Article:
(For more about the role of the health and safety champion in breakthrough change, see the Spring 2014 issue of At Work.)

Integrating new OHS knowledge

Once the process of change had been initiated, several factors came into play to help the organizations integrate new OHS knowledge in practices and policies. As seen in the model, the factors include: (1) organizational responsiveness to worker OHS concerns; (2) positive social and psychological dynamics; (3) a continuous improvement pattern; (4) simultaneous operational improvement; and (5) a supportive internal context.

The most remarkable among these was positive social dynamics, which the team saw right across all four case studies. There were stories of good rapport, strong collaboration, individual development and empowerment. The concept of positive social and psychological dynamics was not on our radar going into the study, but it emerged strongly from the research data, says Robson. For example, people talked about the joint health and safety committee developing the right energy.

Another common factor was responsiveness to the OHS concerns of employees. In the case of the metal products manufacturer, for example, the new health and safety co-ordinator made a point, soon after she joined, of finding out from workers what health and safety issues concerned them. She quickly acted on those issues and, in doing so, helped create a virtuous cycle of people speaking up more and expecting more on OHS issues. A similar phenomenon was seen at the plastics manufacturer, where the maintenance department acted quickly on workers’ concerns, becoming a “catalyst” for further participatory change.

The “internal context” of the workplace was important too. In all cases, senior management supported the OHS improvement, even though the senior managers were not usually involved in a hands-on way. As well, management-employee relations were generally good. Another factor was the concurrent effort at these workplaces on operational improvement—for example, by adopting “lean” manufacturing methods.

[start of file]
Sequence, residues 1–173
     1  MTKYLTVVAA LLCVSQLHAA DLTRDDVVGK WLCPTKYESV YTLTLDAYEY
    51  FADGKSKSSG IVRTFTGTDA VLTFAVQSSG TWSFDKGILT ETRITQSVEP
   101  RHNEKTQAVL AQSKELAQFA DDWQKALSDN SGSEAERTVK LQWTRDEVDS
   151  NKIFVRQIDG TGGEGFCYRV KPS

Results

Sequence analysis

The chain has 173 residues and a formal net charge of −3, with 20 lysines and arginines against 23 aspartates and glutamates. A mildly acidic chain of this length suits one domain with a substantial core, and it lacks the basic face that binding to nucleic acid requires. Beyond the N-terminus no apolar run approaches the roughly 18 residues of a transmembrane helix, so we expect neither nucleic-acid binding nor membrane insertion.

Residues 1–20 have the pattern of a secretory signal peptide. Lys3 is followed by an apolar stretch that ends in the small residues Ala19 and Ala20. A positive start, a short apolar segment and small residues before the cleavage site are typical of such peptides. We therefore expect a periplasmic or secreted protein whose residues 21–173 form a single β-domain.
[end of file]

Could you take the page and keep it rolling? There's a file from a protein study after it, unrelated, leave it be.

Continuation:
A final factor was the pattern of continuous improvement seen in all cases. These workplaces had an attitude of “what’s next?” and continued to make changes over time. For example, after the grocery owner got his program off the ground, he continued to have the external consultant meet quarterly to pass on new information to the JHSC. At the plastics manufacturer, new objectives were set each year, some similar to previous years and others reflecting further innovations on OHS.

A ‘good resource’ for leaders

Though noting that this model is built on a small sample of four case studies, Robson has found that it resonates with the OHS practitioners she has spoken to. For Candice Brown, safety and injury management advisor at the British Columbia Construction Safety Alliance, a safety association funded by the province’s construction industry, the capsules are “a good resource for someone in a leadership position, or health and safety professional, to take to the management team.”

They outline very nicely the process and benefits of change, and seeing that process in stories really helps in building a business case to enable initiation of change, she says.

They are also a good learning tool for leaders, to help them think through: How will we initiate change? What steps do we need to take? How will we motivate and engage people in all levels of the organization to make any changes successful?

Robson is now exploring further how breakthrough change takes place, by looking at workplaces that were similar to the four cases before their breakthrough change, but did not undergo large and sustained improvements in OHS.

We are finding that the factors of initiation and transformation from the breakthrough model are not present to the same extent in these comparison cases, she says.

To download the case study capsules, go to the project page. This project was also the subject of a plenary held in May 2014, a slidecast of which has been posted on IWH’s webpage and YouTube channel.

Source: At Work, Issue 78, Fall 2014: Institute for Work & Health, Toronto